Update: And the winner is…
Alicia K Livivua C. I have sent the winner an e-mail, and he or she has 48 hours to respond with contact information or I’ll have to choose another winner. Thanks to everyone who entered!
While I was growing up, my parents worked hard to teach my sister and I how to manage money.
Starting in kindergarten, we each received a small allowance, and we had to manage that money to buy any toys or do any extra activities (that they wouldn’t normally have paid for). Plus, once we hit high school, my parents gave us a set amount of money for our clothing allowance. We could choose to either blow that money on a few outfits or shop the clearance racks and stretch our money as far as it would go. It was a great lesson in sticking to a budget.
I wanted more money than I got from my parents, so I worked a paper route in 6th through 8th grades, babysat, and worked in fast food in high school. In my college years, I worked every summer and Christmas break as well as several steady babysitting jobs. I learned a lot about working hard for my money.
Although I think my parents did a good job of teaching my sister and I about money, not everyone’s parents did that. Did you know that 1/3 of parents are more comfortable talking with their kids about smoking, drugs and bullying than about money?
Because of that, H&R Block has funded H&R Block Dollars & Sense, which provides personal finance curriculum to high schools and scholarships to students nationwide, helping to further financial literacy in youth.
And since April is National Financial Literacy Month, they have teamed up with DoSomething.org to encourage young people to share stories about wacky things they have done to save money – and they can even win a scholarship by doing the following by April 30th:
- Facebook App: Using the Craziest Thing I Did To Save Money Facebook app (dosomething.org/crazy), young people can upload photos, stories and advice to share with their friends and receive advice on smart ways to save money. Participants have the chance to win a $4,000 scholarship.
- Mobile: By texting “WYR” to 38383, teens can weigh in on ridiculous ways to save money and receive more reasonable money-saving advice.
- Toolkit: More than $30,000 in scholarships is up for grabs for young people who use the “Mind On My Money & Money On My Mind” toolkit to teach their friends about personal finance. The toolkit (dosomething.org/save) includes interactive activities, an online personal finance game and additional resources.
The H&R Block Dollars & Sense Team has some great tips for parents for teaching their children personal finance, including:
- Prepare a budget and don’t spend more than you earn. While this may seem simple, more than half of adults don’t have a budget[i] and 4-in-10 families spend more than they earn each year[ii]. Encourage teens to prepare a budget that includes income from allowance or jobs, regular and expected expenses, and a savings plan. Each month, help them track their expenses and learn tips to stay on budget.
- You must pay your bills on time. Defaulting on a loan can have dire consequences – and paying just a few bills late can have a big impact on one’s credit score. Yet, many young adults do not pay their bills on time each month. Teach your teen to be timely with bill payments by tackling the chore together around the same time each month. Getting teens in the habit of a monthly bill-pay day will pay off in the long term.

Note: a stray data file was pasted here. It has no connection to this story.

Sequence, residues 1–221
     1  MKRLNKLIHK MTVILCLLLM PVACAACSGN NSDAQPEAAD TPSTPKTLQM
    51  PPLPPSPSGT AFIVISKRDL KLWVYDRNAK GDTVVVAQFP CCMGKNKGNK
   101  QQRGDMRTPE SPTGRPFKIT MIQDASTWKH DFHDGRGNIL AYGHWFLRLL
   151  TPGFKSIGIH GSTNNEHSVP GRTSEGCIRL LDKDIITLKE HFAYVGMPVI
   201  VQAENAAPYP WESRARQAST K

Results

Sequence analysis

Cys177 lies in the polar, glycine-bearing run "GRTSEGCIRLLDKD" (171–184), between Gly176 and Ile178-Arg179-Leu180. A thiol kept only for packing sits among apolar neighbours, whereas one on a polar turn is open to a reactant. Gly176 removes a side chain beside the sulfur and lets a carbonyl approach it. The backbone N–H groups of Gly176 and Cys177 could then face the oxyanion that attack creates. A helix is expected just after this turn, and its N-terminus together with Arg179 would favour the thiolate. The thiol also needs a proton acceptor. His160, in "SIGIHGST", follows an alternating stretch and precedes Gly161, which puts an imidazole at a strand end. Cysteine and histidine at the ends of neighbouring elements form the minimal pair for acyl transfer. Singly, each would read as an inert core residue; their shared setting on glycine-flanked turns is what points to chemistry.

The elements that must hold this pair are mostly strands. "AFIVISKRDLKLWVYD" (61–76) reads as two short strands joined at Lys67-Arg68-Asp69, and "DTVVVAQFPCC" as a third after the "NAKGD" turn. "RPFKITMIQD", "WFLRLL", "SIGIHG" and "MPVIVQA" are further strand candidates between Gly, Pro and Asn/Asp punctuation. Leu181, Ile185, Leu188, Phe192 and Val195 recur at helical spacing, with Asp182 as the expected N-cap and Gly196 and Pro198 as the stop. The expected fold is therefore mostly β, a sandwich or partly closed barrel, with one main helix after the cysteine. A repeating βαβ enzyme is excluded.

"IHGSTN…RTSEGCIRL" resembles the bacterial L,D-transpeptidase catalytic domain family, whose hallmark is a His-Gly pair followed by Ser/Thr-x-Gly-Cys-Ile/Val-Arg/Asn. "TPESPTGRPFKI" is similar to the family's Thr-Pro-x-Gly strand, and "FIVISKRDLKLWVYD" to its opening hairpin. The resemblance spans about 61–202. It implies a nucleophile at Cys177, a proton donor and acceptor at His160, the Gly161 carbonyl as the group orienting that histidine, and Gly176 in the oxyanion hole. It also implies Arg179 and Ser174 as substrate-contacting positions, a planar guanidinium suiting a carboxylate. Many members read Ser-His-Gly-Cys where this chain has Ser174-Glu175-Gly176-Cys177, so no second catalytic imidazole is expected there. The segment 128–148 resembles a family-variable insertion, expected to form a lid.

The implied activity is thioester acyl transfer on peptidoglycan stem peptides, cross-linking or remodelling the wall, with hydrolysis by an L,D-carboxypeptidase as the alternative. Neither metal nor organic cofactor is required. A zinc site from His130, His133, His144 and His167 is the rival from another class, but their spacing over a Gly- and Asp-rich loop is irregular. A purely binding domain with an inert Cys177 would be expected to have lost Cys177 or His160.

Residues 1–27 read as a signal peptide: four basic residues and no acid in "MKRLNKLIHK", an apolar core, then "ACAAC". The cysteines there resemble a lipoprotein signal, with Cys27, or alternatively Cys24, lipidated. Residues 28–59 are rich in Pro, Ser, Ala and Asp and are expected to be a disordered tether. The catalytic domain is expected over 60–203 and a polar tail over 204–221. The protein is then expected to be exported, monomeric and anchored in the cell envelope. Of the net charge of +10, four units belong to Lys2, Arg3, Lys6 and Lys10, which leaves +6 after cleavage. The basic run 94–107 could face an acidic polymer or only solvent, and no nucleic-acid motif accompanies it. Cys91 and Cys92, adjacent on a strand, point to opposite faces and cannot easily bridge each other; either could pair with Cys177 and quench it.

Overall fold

- Before taking on debt, determine the cost to repay any loans. Two-thirds of students who graduate with bachelor’s degrees have student loans, with the average debt of about $27,000[iii]. During your child’s junior year of high school, develop a student loan plan with your teen. Consider how long he will be in school, discuss subsidized versus unsubsidized loans, and use online student loan calculators to estimate his monthly payment after graduation.
- Big investments often come with unexpected costs. Homes, cars and other investments come along with a range of expenses that are unfamiliar to teens. If your teens have access to a vehicle, require they play a role in the auto’s payment, insurance and maintenance.
- Save now and spend later. Studies have shown people spend up to 30 percent more on purchases when using credit cards instead of checks or cash[iv]. Rather than start with a credit card, have teens open a checking and savings account, then help them develop a savings plan for their next big purchase. Teens should save at least 30 percent of everything they make from allowance, jobs or gifts.
- If you must use credit cards, pay in full each month. Nearly half of households carry a balance on their credit cards, with an average debt of more than $15,000[v]! If your teen takes out a card, help her set a realistic credit limit, then require she pay the balance in full each month. Be sure to discuss interest rates, default rates, annual fees and payment schedules.
H&R Block has offered to give one (1) lucky reader a $50 Emerald Card (a prepaid Mastercard).
You must be at least 18 years old and a U.S. resident to win.
1. What is the craziest thing you ever did to save money? Leave a comment on this post with your answer.
3. Follow H&R Block Dollars & Sense through Facebook and leave a comment on this post.
You have until Tuesday (4/30) at 11:59 pm ET to enter the giveaway. I will choose a winner at random using the “And the Winner Is…” plugin, and send the winner an e-mail. The winner will have 48 hours to respond with his/her contact information or I will have to choose another winner. After the giveaway is over, I will update the winner’s information (first name and last initial) on the top of this post.
Disclosure: This is a sponsored post on behalf of H&R Block. H&R Block is providing the gift card for the winner.